Also in Slate, Kenji Yoshino puzzled through what happens to gay marriage in California and elsewhere now that Proposition 8 has passed.
Barack Obama won California overwhelmingly on Tuesday—his 24-point victory was the largest winning margin of any presidential candidate in modern times, including former Gov. Ronald Reagan. Obama did so well in part because he brought a new wave of African-American voters to the polls. But for Golden State liberals, minority turnout was a mixed blessing. Proposition 8, the California ballot initiative to ban gay marriage, passed by about four percentage points. According to exit polls, Obama's African-American supporters helped put Proposition 8 over the top. That's the irony of Obama's victory: Had black turnout matched levels of previous elections, the vote on the gay-marriage ban—which trailed in the polls for much of the summer—would have been much closer. It might even have failed.
California's same-sex-marriage fight began in the spring, when the state Supreme Court overturned a previous ballot initiative that defined marriage as an institution between a man and woman. The court ruled that the ban violated the state constitution; Proposition 8 sought to address that problem by writing the same-sex restriction into the Constitution. As I wrote last month, many political analysts predicted the initiative would face a tough battle. Since June, tens of thousands of gay couples have gotten married in California without incident. In a blue state that often favors progressive social policies, polls showed many voters would balk at "eliminating" those couples' "rights," as the initiative put it.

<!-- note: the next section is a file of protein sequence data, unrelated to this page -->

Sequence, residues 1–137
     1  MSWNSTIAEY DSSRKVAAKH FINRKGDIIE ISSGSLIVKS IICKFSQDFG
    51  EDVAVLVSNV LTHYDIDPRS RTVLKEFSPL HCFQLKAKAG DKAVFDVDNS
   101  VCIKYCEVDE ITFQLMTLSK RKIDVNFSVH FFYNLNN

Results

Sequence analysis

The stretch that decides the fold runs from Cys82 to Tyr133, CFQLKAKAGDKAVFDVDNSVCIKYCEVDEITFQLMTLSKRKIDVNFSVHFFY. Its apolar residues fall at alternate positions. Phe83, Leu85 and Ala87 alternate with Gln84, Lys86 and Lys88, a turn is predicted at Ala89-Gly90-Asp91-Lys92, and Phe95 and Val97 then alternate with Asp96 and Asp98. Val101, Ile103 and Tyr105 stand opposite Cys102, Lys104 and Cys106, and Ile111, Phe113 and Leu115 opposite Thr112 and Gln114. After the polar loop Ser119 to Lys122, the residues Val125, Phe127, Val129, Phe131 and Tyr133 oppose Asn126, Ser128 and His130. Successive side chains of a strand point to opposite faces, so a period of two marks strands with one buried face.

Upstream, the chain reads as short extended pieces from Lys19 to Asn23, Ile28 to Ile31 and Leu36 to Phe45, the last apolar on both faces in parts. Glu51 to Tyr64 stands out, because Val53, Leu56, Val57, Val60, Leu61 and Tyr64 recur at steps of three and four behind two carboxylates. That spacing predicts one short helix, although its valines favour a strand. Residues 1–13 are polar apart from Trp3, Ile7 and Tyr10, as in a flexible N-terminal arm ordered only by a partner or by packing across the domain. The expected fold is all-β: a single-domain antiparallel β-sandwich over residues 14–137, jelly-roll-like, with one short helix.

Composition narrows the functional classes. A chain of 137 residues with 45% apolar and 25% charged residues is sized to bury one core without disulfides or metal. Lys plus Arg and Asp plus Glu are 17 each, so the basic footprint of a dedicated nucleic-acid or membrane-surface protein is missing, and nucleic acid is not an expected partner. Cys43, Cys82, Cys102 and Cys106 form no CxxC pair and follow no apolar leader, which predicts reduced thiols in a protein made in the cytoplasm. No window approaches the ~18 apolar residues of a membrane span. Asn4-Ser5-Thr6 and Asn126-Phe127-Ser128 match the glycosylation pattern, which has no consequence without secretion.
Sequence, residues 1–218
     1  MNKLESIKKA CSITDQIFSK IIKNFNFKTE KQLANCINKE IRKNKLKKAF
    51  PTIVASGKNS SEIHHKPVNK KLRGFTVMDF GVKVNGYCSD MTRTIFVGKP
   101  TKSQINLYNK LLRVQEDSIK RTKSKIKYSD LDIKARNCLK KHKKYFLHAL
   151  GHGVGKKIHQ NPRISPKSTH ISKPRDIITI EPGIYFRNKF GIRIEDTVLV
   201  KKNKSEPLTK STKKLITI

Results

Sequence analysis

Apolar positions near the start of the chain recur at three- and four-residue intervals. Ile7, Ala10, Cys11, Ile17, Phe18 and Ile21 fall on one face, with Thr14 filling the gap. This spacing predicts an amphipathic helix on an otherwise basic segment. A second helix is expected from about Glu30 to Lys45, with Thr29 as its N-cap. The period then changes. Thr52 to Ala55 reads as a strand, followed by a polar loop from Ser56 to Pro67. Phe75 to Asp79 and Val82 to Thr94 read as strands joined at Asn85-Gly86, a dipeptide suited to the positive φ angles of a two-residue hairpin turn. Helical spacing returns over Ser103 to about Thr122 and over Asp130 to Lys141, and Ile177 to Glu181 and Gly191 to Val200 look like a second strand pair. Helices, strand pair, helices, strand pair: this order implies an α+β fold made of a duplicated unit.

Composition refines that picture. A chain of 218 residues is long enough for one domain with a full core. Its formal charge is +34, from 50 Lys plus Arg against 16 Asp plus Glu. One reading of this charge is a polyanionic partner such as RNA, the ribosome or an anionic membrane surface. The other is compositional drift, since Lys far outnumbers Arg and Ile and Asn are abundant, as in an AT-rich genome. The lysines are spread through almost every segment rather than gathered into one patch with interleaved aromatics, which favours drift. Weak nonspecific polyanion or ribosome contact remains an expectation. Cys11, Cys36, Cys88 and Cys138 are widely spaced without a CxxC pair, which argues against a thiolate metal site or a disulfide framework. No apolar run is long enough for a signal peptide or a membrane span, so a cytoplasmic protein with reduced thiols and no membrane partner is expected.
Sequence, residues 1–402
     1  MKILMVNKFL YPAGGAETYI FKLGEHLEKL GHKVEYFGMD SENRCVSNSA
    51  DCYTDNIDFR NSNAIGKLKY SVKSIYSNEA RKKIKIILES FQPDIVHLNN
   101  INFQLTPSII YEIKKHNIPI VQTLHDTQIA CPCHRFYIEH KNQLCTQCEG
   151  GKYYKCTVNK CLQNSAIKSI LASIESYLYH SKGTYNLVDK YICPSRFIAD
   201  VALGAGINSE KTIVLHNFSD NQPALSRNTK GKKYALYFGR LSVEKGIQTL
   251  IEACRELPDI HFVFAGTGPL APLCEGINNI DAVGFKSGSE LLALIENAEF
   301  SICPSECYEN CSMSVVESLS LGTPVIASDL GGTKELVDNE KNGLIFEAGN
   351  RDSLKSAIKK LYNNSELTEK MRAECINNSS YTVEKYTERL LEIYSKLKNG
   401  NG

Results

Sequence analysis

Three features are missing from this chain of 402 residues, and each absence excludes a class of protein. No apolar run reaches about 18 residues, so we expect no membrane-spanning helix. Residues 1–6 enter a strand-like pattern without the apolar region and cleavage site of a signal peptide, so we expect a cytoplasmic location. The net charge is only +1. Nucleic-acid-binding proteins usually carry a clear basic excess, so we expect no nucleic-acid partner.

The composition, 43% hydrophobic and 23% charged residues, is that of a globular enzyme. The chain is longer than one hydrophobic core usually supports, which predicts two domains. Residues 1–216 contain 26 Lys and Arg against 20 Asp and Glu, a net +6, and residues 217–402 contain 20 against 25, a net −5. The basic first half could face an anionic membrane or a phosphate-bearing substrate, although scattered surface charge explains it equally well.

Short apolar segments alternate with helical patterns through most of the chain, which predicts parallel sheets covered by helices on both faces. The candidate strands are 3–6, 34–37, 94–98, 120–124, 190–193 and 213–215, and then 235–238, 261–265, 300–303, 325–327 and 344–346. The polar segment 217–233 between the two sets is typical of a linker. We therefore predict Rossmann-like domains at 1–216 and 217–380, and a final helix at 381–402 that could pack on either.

But Obama brought a huge number of strongly anti-gay-marriage voters to the polls. In 2004, African-American voters made up 6 percent of the California electorate—about 700,000, according to the '04 exit poll. On Tuesday, 10 percent of voters were African-American; all of the state's ballots have yet to be counted, but if total turnout matched or exceeded the level of 2004, it would mean that at least 1.2 million African-Americans turned out to vote. According to the '08 exit poll, blacks favored Proposition 8 by a margin of 70 to 30. (All other ethnic groups were about evenly split on the measure, with white voters leaning slightly against it.) Given these numbers, we can imagine an alternative history: Had 500,000 African-American voters stayed home Tuesday, Proposition 8 would have received 350,000 fewer yes votes and 150,000 fewer no votes. The measure is currently leading by at least 400,000 votes, so the black turnout alone didn't flip it—but the margin would have been significantly closer had Obama's supporters not been out in force.
David McCuan, a political scientist at Sonoma State University, says that over the last 10 years, pollsters have noticed a "generational shift" in California on the issue of gay marriage. Voters, particularly younger ones, have become much more comfortable with the idea of equal rights for gays and lesbians. But that shift, he says, hasn't hit the African-American community. Obama opposed Proposition 8, but only guardedly—and he has always made plain his opposition to gay marriage. What's more, McCuan notes, Obama talks often of his faith and his ties to the black church. As a result, "the type of voter that he brings out in the African-American community, while they vote for Obama at the top of the ticket, they'll vote against gay marriage down the ballot," he says.
But if the anti-gay-marriage side was boosted by a one-time event—the first major-party African-American presidential candidate on the ballot—might supporters of gay marriage win in the future? McCuan says that's plausible. "In the abstract, there's a high level of support for equal rights, particularly among the younger generation." And support is growing fast. In 2000, 61 percent of voters approved of a ban on same-sex marriage; this year, it was down to a bare majority. The "Yes on 8" campaign was particularly well-funded and savvy, blanketing the airwaves with ads suggesting that gay marriage would be taught in schools. If supporters of same-sex marriage wait a few years, and if they can muster as effective a campaign as the one mounted this year by the other side, they could well change the law.
California voters are fickle, McCuan says. "They're driven by the clicker—it's like changing channels. Today the channel is 'Yes on 8,' but I would say in 2010 or more likely 2012, they're going to turn the channel."
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